Oregon Rail Heritage Center


Driving to the waterfront on the east side of Portland, the first thing people normally think about is OMSI – the Oregon Museum of Science and Industry.

While OMSI is a huge attraction, that you can spend an entire day exploring and learning, there is something right next door that is also a must-see Portland attraction, the Oregon Rail Heritage Center.

As luck would have it, the center is the, well, center of rail on the Portland eastside, with not only tracks that it can access for its historic trains and cars, but also the new Clackamas County light rail line runs directly in front of it, and it’s also surrounded by working freight track.

Parking is around the corner from the center, so you get a chance to take about a half-a-block walk, where you will see trains getting ready, and in 2015 you could even ride Portland’s light rail system – called MAX – to the front door of the facility.

Sitting outside are passenger cars and a caboose, which always captures the imagination of kids and adults who love trains.
The center itself is basically a giant garage for old locomotives which are in different states of repair. Walking into the center, young and old having their breath taken away, and you can sport the train aficionados the minute they walk in the doors. And kids love it. 

I visited the center on a Saturday, and there were more than a dozen volunteers wandering around, taking people on group tours and working on parts to repair and maintain the fleet of locomotives. The center doubles as a tourist attraction and workshop, so parts of the large building are cordoned off to make sure you don’t have children playing with lathes and other dangerous equipment.

But that is what make the center event more interesting, watching as a brigade of volunteers takes apart the old engines and restores them back to their former glory.

The day I was there three of the four engines in the building were in different states of renovation. The X197, a steam locomotive, had the front off and you could see how the water would boil and then go through a series of pipes to make the massive machine move. The best part for me was seeing the Spokane Portland and Seattle 700. This is one of the biggest steam locomotives still in operation today, a group of volunteers was sitting near the back, talking about how to replace some of the wheels on the giant machine. They had jacked up the machine with several 70-ton jacks, and it almost looked like it was sitting in a bay at Oil Can Henry’s.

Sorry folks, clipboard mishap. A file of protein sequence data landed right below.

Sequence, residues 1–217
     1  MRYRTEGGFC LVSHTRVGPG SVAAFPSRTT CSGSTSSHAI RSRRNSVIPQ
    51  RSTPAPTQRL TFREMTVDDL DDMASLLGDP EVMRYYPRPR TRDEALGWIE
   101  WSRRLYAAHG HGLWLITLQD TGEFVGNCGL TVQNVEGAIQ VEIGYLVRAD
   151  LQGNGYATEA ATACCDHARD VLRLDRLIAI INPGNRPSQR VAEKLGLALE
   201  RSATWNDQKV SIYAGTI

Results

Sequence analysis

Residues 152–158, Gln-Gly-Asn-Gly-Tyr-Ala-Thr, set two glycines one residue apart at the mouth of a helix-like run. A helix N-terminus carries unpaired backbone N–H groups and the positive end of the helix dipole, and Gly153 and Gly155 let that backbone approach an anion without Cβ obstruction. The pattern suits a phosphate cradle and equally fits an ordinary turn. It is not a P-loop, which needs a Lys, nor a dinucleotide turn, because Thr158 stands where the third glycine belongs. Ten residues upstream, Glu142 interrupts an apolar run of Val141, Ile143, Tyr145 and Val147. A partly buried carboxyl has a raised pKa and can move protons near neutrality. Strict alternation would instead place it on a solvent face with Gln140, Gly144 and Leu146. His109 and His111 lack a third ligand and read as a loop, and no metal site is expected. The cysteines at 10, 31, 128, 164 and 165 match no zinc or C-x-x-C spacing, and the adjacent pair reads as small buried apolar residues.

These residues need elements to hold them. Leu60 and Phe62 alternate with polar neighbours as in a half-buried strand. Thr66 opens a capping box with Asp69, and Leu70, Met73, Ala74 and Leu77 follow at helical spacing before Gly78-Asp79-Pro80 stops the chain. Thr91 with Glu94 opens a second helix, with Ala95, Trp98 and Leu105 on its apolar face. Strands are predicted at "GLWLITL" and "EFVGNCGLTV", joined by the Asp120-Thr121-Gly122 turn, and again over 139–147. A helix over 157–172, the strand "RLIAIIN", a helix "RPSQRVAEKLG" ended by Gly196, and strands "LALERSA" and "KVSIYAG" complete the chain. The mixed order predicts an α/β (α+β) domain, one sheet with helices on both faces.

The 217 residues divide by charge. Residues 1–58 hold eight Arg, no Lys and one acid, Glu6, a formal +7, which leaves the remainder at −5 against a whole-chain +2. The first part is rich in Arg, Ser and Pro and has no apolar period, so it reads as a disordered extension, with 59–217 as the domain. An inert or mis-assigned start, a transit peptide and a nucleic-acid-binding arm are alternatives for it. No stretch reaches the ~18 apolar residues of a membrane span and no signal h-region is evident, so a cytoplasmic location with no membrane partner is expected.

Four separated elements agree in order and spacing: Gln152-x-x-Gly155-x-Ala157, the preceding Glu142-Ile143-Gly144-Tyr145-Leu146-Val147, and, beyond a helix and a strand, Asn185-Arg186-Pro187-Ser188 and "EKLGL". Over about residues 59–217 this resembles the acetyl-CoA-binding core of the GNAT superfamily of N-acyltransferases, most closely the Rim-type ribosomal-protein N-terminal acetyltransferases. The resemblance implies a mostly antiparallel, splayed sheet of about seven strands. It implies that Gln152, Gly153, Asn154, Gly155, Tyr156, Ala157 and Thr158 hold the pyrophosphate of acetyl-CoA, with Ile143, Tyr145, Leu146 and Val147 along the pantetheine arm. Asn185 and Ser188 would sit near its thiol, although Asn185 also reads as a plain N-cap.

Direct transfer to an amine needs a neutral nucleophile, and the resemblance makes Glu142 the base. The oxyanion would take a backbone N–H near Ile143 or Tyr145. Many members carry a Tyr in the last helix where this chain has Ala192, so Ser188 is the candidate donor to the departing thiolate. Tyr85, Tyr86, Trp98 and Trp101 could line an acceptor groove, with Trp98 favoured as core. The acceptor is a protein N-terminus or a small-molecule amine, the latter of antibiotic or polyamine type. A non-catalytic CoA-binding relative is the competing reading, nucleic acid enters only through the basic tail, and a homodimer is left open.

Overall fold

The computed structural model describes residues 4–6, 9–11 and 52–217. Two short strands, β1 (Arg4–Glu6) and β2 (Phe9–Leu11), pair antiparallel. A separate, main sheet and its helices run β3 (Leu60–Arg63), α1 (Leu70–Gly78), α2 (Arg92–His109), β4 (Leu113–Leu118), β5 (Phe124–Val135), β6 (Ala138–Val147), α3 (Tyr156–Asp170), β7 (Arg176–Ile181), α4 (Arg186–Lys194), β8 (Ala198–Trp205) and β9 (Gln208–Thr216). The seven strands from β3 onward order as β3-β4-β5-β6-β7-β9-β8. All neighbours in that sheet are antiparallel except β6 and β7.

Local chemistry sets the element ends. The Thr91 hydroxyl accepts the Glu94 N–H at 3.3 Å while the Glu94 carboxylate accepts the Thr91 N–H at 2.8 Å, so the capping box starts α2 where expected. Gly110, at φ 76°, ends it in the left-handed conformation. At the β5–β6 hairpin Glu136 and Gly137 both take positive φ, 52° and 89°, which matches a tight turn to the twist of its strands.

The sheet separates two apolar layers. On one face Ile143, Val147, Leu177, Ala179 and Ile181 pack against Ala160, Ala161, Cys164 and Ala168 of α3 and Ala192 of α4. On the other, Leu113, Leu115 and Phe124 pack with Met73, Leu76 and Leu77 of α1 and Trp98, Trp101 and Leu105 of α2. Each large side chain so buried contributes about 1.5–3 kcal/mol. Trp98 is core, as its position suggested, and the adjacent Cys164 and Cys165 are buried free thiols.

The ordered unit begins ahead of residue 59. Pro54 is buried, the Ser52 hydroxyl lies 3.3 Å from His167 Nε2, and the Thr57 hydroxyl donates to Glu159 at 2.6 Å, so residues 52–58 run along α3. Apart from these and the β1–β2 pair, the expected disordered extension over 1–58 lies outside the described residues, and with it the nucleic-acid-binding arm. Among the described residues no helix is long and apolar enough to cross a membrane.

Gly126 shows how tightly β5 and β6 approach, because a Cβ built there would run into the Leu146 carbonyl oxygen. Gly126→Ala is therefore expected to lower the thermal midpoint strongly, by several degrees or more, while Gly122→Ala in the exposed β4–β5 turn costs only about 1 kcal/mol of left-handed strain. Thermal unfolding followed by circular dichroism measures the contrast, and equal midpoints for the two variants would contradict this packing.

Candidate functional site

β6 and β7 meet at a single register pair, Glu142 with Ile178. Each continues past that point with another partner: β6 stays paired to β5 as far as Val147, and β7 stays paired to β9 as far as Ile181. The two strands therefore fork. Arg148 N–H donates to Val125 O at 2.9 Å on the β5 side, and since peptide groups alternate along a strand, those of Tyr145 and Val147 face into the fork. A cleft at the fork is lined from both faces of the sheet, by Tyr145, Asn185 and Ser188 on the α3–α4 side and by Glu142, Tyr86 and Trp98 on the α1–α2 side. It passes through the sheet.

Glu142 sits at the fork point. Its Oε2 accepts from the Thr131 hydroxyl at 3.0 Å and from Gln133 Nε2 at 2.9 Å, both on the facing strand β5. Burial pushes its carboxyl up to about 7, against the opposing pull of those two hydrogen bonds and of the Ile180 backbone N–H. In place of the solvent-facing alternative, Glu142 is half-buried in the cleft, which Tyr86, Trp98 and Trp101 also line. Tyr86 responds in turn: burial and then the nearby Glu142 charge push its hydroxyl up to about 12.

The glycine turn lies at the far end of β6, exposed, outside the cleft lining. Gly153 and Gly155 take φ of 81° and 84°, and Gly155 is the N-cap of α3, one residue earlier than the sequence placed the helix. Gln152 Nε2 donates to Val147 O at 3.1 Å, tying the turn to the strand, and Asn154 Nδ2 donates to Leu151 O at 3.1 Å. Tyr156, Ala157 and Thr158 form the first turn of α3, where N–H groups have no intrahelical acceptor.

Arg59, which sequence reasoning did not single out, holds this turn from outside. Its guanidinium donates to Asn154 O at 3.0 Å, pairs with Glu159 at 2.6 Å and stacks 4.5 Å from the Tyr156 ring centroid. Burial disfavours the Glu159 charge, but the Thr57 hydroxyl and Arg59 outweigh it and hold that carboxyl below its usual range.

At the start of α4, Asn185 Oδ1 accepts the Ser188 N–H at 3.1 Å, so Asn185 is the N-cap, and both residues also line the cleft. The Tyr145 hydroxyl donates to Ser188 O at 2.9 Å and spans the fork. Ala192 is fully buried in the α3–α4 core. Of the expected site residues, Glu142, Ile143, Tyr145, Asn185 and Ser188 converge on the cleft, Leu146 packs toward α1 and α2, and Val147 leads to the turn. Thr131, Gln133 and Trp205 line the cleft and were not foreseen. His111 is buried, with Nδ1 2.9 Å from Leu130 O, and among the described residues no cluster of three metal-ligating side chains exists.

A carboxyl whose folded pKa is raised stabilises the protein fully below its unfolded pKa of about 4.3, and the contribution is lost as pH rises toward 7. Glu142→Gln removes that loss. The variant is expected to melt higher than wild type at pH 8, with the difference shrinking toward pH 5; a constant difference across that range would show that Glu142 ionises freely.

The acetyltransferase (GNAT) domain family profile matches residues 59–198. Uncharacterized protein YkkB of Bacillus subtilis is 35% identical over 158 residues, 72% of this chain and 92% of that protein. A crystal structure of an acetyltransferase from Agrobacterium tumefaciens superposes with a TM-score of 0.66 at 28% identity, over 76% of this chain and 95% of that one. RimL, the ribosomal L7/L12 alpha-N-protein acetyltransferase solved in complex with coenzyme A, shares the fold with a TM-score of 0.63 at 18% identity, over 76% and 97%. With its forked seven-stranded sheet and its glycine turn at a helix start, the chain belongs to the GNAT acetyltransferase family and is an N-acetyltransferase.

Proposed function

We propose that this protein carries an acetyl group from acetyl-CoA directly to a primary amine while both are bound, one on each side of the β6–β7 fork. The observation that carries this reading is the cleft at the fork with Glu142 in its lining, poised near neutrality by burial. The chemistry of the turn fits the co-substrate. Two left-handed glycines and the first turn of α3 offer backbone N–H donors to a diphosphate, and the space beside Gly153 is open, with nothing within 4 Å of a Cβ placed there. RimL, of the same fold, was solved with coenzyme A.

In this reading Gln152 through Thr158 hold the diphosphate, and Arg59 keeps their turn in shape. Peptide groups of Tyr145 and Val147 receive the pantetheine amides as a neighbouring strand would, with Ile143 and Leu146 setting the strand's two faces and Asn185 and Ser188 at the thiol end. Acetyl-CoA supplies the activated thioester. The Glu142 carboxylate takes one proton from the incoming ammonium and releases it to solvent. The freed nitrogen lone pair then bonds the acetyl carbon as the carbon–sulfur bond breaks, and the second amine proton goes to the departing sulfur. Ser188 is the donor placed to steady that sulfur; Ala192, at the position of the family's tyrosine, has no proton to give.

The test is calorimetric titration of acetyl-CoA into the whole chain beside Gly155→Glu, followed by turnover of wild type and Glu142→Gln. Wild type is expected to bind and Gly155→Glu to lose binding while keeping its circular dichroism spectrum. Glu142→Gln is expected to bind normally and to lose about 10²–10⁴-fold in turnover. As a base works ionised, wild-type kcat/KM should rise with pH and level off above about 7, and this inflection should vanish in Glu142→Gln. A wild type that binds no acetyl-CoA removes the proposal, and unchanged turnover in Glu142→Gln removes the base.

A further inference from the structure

Volunteers are more than willing to tell you what work is being done, the history of the vehicles, or even give you pointers on the interactive train simulator.

“Not too fast,” one volunteer said, as I was trying to make some good time.

If you like trains, this is a must-see, if you have kids, this is also a must see. Hearing child after child in awe as they walked into the building puts a smile on your face.

The building, in the OMSI district in southeast Portland, is a new addition for the non-profit. In 2012 the group moved into the building, and while they still have plans for expansion and to enhance the attraction, it looks great.

While admission to the museum is free, you can pay to get a ride in one of the historic cars. The train ride is available nearly year-round and when I was there at the end of winter, you could ride down Oregon Pacific Railroad’s East Portland Division along the Willamette River and through the Oaks Bottom Wildlife Refuge. The ride was about 40 minutes long. During the spring and summer months the train also makes stops at Oaks Amusement Park.

About Oregon Rail Heritage Center:  The Oregon Rail Heritage Center is a non-profit organization dedicated to the promotion of the historic steam locomotives that were used around the Pacific Northwest. Located near OMSI it’s a great place to see up close some of the trains that moved freight and people around the state, and learn how the work and are maintained.

What to bring: There is quite a bit of walking involved on a concrete floor, so make sure you have comfortable shoes. In addition, the building is very light, so photography isn’t really a problem. I visited during a pretty dark and rainy day and was still able to get good photos of the engines.

Tip: Depending on the season you visit the center, the times of the train rides change. So make sure to either call or visit its website before you arrive, otherwise you could be waiting for up to an hour for the next train. Also, don’t be afraid to ask questions, as the volunteers love talking about trains and are very helpful.

Season:  The center is open year-round.
Getting there:  The center is located at 2250 SE Water Street, Portland, OR.   

By Patrick Johnson
For Oregon.com